Malinowski: Not that I'm aware of. My objective is to suggest a framework that sets out how to integrate liabilities in an EROA world—and by doing so, to encourage a broader dialogue. Much like a framework has existed for LDI to measure the duration of the corporate pension plan’s asset portfolio, there is an opportunity to develop a LAI framework to help public pension plans measure the characteristics of their liabilities, and consider them in asset allocation decisions.
Q: Plan trustees often wear two different hats when they review liabilities and asset returns. It sounds like you are suggesting they review both using a holistic approach.
Malinowski: Yes. When you do an annual review of the asset portfolio, trustees, at least from my perspective, should consider how the liabilities have changed, too. Even if you're not doing a full-on experience study, even if you're not reassessing your contribution rate, it's important to think about those two together. I find that it helps trustees to more fully consider and understand a plan’s risk and success.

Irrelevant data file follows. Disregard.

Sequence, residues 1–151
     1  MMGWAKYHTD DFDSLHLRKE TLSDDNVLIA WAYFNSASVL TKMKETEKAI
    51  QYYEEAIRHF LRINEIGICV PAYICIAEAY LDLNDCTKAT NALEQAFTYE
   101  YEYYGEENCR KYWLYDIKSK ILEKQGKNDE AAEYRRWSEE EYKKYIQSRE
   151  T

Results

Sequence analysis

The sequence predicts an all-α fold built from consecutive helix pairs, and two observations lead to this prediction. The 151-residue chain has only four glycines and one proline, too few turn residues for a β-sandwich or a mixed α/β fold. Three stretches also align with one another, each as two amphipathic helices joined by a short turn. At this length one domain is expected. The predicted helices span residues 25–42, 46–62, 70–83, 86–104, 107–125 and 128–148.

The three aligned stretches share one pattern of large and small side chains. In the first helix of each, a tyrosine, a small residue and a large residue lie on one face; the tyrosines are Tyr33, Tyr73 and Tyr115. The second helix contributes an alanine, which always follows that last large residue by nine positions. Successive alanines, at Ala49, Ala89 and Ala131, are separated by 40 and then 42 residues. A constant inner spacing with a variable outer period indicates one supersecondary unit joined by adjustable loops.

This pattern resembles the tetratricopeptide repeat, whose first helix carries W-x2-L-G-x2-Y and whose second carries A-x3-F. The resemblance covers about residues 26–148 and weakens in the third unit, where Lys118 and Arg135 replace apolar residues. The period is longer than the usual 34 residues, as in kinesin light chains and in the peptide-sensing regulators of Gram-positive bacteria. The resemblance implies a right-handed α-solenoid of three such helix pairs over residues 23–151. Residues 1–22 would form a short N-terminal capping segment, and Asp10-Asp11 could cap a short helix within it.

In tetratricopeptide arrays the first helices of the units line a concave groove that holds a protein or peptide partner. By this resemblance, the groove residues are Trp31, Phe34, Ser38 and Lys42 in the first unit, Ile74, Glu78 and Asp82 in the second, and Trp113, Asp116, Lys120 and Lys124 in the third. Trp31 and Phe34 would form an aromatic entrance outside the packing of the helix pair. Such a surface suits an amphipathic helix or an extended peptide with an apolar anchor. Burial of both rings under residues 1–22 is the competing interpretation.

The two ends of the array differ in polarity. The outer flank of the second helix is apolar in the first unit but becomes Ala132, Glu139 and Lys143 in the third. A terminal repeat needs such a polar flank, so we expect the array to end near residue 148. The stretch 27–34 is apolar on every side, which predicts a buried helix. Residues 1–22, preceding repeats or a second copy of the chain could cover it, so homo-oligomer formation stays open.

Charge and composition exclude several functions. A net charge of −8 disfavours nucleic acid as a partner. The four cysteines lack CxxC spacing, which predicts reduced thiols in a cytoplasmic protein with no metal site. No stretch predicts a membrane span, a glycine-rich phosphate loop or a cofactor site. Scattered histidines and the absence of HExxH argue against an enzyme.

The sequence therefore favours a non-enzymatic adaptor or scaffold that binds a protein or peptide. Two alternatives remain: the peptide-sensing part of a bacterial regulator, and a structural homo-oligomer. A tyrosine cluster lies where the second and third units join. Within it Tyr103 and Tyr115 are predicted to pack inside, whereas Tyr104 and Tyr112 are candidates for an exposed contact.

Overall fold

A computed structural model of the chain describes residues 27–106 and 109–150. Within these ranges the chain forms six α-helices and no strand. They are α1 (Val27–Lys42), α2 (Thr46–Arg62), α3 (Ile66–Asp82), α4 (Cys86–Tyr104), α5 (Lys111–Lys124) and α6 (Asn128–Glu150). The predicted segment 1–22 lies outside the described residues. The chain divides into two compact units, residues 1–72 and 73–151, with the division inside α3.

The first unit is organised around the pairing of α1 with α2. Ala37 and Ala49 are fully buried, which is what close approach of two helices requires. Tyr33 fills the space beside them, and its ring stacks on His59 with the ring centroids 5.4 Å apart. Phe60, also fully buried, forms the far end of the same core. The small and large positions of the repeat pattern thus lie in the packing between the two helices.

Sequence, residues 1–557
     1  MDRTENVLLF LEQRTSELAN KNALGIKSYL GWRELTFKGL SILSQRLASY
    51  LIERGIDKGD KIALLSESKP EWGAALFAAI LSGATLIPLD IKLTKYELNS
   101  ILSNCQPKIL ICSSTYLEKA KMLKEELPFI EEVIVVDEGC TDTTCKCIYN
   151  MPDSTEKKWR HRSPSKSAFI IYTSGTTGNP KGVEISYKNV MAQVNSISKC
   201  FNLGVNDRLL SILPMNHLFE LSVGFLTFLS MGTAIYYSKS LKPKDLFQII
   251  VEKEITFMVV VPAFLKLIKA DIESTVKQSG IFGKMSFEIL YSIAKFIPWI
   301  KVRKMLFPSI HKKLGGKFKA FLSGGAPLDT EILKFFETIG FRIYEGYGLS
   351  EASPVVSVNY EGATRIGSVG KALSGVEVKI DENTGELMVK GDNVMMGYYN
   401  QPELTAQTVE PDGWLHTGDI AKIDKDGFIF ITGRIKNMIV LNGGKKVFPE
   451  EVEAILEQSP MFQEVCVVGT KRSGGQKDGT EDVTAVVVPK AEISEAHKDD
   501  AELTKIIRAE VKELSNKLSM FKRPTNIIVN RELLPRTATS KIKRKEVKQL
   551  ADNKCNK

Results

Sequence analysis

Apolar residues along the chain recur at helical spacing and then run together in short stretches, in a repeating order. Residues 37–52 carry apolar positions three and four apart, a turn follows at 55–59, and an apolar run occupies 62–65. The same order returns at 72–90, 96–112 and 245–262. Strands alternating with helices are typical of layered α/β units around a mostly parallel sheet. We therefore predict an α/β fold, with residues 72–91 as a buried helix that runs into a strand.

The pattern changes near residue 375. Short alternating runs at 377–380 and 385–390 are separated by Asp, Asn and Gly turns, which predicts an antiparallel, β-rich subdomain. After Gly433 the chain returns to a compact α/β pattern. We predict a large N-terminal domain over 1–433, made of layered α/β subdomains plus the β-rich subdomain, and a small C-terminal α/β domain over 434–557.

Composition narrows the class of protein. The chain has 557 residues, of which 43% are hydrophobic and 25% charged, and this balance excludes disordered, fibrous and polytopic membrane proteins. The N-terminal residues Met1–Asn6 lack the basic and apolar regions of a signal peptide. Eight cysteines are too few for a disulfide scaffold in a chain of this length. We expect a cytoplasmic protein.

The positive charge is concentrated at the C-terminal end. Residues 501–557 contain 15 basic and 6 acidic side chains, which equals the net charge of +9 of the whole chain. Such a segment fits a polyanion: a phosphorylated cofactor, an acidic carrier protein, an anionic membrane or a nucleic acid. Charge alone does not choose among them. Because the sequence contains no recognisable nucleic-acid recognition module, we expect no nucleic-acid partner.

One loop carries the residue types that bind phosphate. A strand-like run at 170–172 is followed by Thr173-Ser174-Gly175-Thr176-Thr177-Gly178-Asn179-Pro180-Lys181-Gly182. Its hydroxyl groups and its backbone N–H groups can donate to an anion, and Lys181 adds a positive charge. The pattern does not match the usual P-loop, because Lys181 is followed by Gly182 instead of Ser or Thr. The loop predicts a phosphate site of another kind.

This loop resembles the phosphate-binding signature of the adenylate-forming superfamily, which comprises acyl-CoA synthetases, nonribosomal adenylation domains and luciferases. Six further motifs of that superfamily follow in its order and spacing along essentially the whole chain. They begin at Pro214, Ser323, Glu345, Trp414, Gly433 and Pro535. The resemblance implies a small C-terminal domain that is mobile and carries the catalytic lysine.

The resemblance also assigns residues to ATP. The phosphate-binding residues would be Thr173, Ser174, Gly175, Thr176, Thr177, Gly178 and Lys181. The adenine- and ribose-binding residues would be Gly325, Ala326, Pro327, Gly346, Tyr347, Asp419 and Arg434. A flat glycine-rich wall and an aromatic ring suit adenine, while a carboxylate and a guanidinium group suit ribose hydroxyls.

Q: Can you give us an example of how integrating liability aware investing has changed how you think about asset allocation?
Malinowski: We went through an asset liability study in 2019 when LAI was still a conceptual framework. We were setting our strategic asset allocation and reassessing the role of diversifying strategies in our portfolio, primarily hedge fund strategies. The main goal of this allocation was to reduce asset volatility and asset risk. And we asked ourselves, “Does this allocation actually advance our plan goals? Do these diversifying strategies reduce funded status volatility?” And we came to the conclusion that the allocation did not.
Diversifying strategies, as we then defined them at SCERS, were not long-lived assets consistent with the long-lived nature of our liabilities. They didn't have this relationship between asset returns and changes in expected return. We communicated this to the board and recommended eliminating the allocation.